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2 Emerging Market ETFs To Add Diversification As U.S. Equity Markets Slump

Published 21/02/2022, 09:43
Updated 02/09/2020, 07:05

Declines on Wall Street, driven by an array of geopolitical and economic jitters, are causing investors to look outside the US for stocks to diversify their portfolios. As a result, shares that provide global exposure, especially into emerging markets (EMs), are in the limelight.

According to Franklin Templeton—a subsidiary of Franklin Resources (NYSE:BEN)—there are compelling reasons to consider EMs. For starters, stock valuations, especially in China, are low. In addition, themes like “Digitalization and decarbonization” might also mean “fresh investment opportunities.”

Therefore, today’s article introduces two EM exchange-traded funds (ETFs) that could help investors find returns outside the US. However, we should remind readers that EM equity markets can be volatile.

For instance, the MSCI Emerging Markets Index ended 2021 down 2.54%. Still, returns had been over 18% in both 2020 and 2019 while the index had declined around 14.5% in 2018.

Understandably, there are also variations among EMs. For example, in 2021, Czech Republic, United Arab Emirates, Saudi Arabia, Mexico and India, and several others, were among the top-performing global equity markets.

On the other hand, investors in many Chinese equities felt the negative effects of the regulatory crackdown of local authorities in a number of growth sectors. As a result, the Shenzhen Composite Index and the Shanghai Composite Index are down about 5.7% and 5% respectively in the past 12 months.

With that information, here are two EM funds that deserve your attention:

1. Columbia Emerging Markets Consumer ETF

  • Current Price: $23.86
  • 52-Week Range: $22.79 - $32.03
  • Dividend Yield: 1.08%
  • Expense Ratio: 0.49% per year

Our first fund, the Columbia Emerging Markets Consumer ETF (NYSE:ECON), invests in EM consumer discretionary, consumer staples, and communication services names. The fund was first listed in September 2010.


ECON, which has 61 holdings, tracks the Dow Jones Emerging Markets Consumer Titans 30 Index. The top 10 names account for roughly 40% of net assets of about $136 million.

Communication services and consumer discretionary each account for roughly 36% of the fund, while consumer staples constitute the remaining 28%. Chinese companies dominate the fund with more than 44%, followed by India, Taiwan, Saudi Arabia, Brazil, and Russia.

The leading holdings on the roster include the China-based entertainment conglomerate Tencent Holdings (HK:0700) (OTC:TCEHY); Taiwanese telecommunication services provider Chunghwa Telecom (NYSE:CHT); Chinese e-commerce giants Alibaba Group (NYSE:BABA); JD.Com (NASDAQ:JD) and consumer goods name Hindustan Unilever Ltd. (NSE:HLL).

ECON has lost 24.3% over the past 12 months and 0.4% since the start of the year. The decline in 2021 mostly mirrored the losses in Chinese shares. Meanwhile, the funds trailing price-to-earnings (P/E) and price-to-book (P/B) ratios stand at 21.64x and 3.40x.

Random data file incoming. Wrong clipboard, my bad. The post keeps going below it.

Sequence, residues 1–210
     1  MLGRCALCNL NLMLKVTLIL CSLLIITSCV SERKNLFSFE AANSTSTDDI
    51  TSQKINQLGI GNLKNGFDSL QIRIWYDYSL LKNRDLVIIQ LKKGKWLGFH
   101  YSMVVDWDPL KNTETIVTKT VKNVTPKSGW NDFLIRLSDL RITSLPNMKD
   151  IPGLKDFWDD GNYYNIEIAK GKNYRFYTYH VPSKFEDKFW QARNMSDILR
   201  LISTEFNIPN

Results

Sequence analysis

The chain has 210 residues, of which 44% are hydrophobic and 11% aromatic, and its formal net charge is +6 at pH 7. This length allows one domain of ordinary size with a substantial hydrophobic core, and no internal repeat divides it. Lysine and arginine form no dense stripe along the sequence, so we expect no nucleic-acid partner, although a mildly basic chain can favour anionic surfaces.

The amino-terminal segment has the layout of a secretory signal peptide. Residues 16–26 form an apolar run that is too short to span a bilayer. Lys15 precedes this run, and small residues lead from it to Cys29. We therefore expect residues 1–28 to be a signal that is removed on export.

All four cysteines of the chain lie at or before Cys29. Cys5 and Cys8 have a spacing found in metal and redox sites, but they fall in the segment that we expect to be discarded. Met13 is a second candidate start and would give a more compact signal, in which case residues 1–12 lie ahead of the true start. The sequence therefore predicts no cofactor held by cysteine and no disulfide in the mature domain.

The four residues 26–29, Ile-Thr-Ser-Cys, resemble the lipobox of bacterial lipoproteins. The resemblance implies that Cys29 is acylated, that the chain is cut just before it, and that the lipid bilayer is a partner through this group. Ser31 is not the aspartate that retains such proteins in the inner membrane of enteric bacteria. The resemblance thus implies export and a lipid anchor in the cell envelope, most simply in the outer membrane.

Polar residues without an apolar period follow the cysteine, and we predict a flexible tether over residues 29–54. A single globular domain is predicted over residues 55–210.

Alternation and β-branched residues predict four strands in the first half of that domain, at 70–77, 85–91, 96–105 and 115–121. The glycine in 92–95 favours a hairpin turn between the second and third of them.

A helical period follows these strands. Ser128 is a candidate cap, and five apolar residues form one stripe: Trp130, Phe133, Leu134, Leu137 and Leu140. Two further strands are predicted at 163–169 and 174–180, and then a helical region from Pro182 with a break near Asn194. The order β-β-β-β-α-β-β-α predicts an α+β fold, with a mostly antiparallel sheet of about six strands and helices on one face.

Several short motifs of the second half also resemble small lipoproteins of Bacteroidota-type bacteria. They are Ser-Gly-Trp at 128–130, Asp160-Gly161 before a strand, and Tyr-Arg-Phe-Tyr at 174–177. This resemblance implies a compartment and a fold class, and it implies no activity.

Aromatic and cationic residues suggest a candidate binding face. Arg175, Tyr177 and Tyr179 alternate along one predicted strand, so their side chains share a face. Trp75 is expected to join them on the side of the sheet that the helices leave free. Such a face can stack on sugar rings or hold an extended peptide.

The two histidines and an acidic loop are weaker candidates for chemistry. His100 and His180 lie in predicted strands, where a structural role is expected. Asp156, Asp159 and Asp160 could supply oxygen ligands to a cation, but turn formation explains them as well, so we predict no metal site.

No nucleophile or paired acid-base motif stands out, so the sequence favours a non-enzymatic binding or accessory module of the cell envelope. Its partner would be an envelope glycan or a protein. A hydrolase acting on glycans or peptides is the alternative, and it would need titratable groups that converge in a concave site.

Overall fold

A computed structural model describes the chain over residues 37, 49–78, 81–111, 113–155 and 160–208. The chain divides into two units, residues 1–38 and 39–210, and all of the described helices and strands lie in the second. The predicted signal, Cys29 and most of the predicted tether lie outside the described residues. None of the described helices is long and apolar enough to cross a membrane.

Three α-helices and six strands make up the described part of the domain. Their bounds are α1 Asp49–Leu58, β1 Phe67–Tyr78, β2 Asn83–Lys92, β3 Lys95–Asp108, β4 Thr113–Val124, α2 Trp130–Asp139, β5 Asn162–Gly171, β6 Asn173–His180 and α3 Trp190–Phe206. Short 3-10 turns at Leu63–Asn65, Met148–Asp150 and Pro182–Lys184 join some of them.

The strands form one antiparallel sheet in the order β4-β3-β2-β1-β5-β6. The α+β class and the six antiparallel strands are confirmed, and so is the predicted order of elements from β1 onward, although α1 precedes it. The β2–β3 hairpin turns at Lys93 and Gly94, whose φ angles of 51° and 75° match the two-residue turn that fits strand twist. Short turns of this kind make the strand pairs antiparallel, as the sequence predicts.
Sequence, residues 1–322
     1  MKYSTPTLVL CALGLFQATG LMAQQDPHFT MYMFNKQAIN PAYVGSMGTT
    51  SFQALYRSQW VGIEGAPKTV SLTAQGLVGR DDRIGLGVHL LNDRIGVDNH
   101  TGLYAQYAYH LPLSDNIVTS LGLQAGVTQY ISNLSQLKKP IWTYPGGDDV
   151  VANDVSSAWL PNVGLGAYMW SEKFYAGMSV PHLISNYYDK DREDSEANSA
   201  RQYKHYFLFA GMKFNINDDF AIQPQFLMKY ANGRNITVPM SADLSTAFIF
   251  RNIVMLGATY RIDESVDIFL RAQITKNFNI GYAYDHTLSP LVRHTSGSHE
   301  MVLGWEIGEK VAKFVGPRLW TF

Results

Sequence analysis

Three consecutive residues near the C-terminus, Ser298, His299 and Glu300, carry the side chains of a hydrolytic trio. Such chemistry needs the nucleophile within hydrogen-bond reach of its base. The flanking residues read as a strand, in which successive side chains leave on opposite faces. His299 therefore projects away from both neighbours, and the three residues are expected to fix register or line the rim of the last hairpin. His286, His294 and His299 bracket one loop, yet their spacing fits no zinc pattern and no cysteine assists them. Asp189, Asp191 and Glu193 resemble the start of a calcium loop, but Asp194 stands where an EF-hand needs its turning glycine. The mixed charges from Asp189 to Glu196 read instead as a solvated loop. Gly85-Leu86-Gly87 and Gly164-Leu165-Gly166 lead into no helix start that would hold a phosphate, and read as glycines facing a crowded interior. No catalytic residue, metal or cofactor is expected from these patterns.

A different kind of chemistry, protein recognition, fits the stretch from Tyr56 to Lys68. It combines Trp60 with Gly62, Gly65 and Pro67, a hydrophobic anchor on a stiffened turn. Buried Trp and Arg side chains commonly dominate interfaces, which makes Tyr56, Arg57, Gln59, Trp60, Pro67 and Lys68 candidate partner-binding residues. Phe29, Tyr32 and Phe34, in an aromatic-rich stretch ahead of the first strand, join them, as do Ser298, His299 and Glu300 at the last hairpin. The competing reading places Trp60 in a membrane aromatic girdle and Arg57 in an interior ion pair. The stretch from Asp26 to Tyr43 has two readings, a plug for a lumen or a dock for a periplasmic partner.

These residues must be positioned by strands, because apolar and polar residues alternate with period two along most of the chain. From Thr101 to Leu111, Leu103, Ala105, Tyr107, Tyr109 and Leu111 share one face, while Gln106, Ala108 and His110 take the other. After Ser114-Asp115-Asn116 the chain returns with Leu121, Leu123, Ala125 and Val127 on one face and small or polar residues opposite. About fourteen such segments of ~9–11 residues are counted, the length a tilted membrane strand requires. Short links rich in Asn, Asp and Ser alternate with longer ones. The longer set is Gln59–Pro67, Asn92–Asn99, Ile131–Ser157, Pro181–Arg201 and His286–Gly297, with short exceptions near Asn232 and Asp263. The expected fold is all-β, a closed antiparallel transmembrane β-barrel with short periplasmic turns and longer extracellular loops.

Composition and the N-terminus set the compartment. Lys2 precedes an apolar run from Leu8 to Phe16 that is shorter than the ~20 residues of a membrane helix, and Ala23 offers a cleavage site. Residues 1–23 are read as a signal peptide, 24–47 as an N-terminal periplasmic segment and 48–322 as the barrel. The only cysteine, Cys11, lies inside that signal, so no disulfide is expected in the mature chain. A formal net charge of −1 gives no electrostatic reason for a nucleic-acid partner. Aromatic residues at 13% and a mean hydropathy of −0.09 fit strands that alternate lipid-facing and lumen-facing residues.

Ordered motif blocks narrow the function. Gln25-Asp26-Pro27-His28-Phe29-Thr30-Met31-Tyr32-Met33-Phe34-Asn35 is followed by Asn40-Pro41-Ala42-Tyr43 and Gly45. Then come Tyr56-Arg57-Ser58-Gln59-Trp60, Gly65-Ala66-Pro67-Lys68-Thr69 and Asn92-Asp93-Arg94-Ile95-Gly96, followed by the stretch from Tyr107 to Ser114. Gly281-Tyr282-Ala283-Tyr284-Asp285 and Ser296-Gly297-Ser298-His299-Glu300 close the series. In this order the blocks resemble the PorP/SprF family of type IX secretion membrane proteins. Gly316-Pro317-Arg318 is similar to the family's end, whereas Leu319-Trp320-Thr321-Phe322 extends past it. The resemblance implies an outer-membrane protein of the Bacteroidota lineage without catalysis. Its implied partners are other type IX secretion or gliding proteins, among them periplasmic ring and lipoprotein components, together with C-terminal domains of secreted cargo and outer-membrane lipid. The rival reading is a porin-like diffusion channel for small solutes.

Those investors focusing on the growth potential of EM consumers, fueled by the spending power of the middle-class population, especially in China, should research the fund further.

2. iShares MSCI Emerging Markets ex China ETF

  • Current Price: $60.91
  • 52-Week Range: $57.43 - $63.74
  • Dividend Yield: 1.78%
  • Expense Ratio: 0.25% per year

The US is home to the world's largest equity markets, with a market share of over 55%. Next come Japan (7.4%), China (4.4%), and the UK (4.1%). Still, 2021 was a disappointing year for long-term investors in Chinese equities. The main reason was the sell-off in leading shares following “the Chinese governments intervention in a number of key sectors, including education, e-commerce, property, and gaming.”

Now, investors are hoping the barrage of domestic regulatory moves have mostly ended. Bloomberg has recently reported that domestic state funds have started buying Chinese equities.

However, not all investors might necessarily be ready to include China-based companies in their portfolios. Therefore, our next fund, namely the iShares MSCI Emerging Markets ex China ETF (NASDAQ:EMXC), might appeal to those readers. As the fund's name indicates, it does not invest in Chinese shares.


EMXC, which has 682 holdings, tracks the returns of the MSCI Emerging Markets ex China Index. Since the fund’s inception in August 2017, net assets have reached $2.5 billion.

23.99% of the businesses come from Taiwan, followed by India (18.16%), South Korea (18.03%), Brazil (7.06%), Saudi Arabia (5.59%), and South Africa (5.43%), among others.

Taiwan Semiconductor Manufacturing (NYSE:TSM), Samsung Electronics (OTC:SSNLF), India-based Reliance Industries (NSE:RELI) and Infosys (NYSE:INFY) are among the leading names in the portfolio.

Year-to-date, the fund is up 0.5%. Similarly, it returned 0.9% in the past 12 months. Trailing P/E and P/B ratios are 19.03x and 2.11x. Interested readers could consider buying the dip in EMXC.

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